How to Help: Tips & Guidelines
If you see a parent or caregiver in a stressful situation with someone who appears to have an intellectual disability or autism, you can help by following a few guidelines:
What to do:
- Offer assistance and respond appropriately. Ask the parent or caregiver, “Is there any way I can help?” before you jump to conclusions or jump in with assistance.
- Give room. Close proximity (if not helping) can excite a situation.
- Reassure others. If the parent or caregiver has let you know they do not need help, diffuse other onlookers by providing this information to them quietly.
What not to do:
- Don’t judge. Most difficult behaviors arise from confusion or anxiety, not bad intentions.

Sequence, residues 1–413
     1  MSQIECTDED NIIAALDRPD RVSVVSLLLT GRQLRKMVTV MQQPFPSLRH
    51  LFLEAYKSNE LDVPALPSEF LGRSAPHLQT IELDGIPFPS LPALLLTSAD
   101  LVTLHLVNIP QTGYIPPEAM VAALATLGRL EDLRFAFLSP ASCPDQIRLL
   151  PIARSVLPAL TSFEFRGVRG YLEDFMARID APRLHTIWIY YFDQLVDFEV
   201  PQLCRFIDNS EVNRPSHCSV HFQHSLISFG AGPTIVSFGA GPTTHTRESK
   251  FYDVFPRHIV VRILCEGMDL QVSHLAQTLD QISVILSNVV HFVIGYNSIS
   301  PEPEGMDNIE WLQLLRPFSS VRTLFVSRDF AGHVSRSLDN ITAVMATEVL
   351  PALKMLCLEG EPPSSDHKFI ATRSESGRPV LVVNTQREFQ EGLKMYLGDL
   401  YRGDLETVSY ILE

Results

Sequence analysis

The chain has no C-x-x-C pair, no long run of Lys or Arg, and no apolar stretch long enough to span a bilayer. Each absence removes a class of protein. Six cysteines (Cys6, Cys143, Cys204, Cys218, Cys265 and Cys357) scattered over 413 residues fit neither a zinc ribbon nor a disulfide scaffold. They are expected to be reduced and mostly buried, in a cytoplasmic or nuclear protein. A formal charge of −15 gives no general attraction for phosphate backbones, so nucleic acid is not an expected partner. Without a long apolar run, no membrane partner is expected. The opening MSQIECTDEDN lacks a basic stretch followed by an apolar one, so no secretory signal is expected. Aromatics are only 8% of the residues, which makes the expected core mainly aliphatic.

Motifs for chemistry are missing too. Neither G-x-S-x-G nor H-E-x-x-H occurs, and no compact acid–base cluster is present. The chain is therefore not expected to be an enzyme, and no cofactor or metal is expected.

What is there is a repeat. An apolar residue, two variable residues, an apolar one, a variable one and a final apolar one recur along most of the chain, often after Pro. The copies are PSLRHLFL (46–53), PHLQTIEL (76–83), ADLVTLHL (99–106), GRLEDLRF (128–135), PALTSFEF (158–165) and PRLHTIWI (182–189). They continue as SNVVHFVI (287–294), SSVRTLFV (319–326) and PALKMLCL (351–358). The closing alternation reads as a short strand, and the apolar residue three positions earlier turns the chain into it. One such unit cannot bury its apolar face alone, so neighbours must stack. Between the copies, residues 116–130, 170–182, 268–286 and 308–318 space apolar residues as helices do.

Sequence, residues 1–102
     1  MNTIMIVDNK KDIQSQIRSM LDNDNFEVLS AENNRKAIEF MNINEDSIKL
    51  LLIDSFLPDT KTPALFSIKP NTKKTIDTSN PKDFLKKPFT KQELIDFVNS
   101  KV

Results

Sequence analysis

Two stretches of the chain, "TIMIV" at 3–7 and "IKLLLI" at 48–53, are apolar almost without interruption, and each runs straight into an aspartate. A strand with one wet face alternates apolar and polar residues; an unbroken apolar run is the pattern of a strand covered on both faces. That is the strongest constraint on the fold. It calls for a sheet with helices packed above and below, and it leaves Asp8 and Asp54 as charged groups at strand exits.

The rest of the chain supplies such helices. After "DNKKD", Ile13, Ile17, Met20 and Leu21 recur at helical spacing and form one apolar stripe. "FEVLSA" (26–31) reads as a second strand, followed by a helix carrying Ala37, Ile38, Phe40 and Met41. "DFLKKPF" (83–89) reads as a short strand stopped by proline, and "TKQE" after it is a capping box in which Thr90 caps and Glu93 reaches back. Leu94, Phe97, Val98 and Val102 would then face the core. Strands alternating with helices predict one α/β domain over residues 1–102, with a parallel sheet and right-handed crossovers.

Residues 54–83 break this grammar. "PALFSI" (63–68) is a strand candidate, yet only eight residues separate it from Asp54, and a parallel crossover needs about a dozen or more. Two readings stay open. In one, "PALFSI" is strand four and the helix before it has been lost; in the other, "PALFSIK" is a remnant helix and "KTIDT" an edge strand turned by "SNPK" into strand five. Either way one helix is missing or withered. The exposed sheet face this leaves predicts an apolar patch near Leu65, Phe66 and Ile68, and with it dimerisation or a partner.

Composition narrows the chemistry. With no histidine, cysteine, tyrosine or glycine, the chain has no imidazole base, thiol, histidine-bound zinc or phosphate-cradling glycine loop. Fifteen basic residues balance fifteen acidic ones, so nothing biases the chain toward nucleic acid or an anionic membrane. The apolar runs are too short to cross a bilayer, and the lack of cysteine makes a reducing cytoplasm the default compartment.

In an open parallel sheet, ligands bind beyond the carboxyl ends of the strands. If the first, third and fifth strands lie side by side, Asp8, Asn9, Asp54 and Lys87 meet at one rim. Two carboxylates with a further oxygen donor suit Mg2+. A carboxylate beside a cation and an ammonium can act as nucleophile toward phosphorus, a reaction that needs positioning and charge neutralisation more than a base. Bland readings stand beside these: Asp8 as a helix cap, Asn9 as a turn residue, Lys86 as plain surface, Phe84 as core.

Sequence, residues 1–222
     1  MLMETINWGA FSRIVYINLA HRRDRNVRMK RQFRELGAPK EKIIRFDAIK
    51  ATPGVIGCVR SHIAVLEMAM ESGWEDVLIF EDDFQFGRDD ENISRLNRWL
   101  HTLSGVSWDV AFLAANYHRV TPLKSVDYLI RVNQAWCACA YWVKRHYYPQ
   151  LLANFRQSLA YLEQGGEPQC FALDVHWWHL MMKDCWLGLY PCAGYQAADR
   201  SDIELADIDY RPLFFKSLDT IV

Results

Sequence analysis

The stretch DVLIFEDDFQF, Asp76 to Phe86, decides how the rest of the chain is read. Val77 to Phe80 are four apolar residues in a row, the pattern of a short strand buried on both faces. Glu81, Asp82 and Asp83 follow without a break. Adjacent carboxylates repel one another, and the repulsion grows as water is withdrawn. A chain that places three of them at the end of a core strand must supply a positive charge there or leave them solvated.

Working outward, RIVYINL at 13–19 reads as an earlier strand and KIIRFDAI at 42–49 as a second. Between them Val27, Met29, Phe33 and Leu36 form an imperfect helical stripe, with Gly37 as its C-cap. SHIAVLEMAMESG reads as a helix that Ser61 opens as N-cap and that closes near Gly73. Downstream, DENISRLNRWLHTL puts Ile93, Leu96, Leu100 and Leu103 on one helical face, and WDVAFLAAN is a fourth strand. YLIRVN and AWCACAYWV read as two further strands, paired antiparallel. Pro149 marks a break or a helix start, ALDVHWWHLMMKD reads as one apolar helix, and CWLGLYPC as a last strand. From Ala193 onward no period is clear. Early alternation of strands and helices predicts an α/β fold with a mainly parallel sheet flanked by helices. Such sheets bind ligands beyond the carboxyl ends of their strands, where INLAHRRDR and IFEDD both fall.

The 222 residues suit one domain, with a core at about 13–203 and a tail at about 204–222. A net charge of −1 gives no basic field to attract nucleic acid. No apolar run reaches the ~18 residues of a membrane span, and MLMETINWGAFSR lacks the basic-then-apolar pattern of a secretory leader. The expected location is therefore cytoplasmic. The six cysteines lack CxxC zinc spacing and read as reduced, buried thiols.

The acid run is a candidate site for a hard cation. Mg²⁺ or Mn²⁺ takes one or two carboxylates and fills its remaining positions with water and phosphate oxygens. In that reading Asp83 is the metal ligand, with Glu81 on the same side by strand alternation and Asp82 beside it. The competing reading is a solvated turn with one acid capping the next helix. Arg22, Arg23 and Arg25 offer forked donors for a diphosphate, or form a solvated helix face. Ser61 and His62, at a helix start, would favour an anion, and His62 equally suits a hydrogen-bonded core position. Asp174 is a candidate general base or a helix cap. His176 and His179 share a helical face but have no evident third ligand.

- Don’t assume I’m a bad parent or caregiver. The parent or caregiver is doing his or her best in a difficult situation.
- Don’t make negative comments. Your compassion and encouragement will be your greatest assistance.
- Don’t stare. Kind and supportive looks should be brief. Sustained stares can make the parent or individual feel uncomfortable or judged.
- Don’t stay. If a parent or caregiver needs your help, they will let you know. Oftentimes crowds or onlookers can complicate the situation.
- Don’t record it. This is a difficult and personal moment, not something to share on social media or for using to “shame” someone.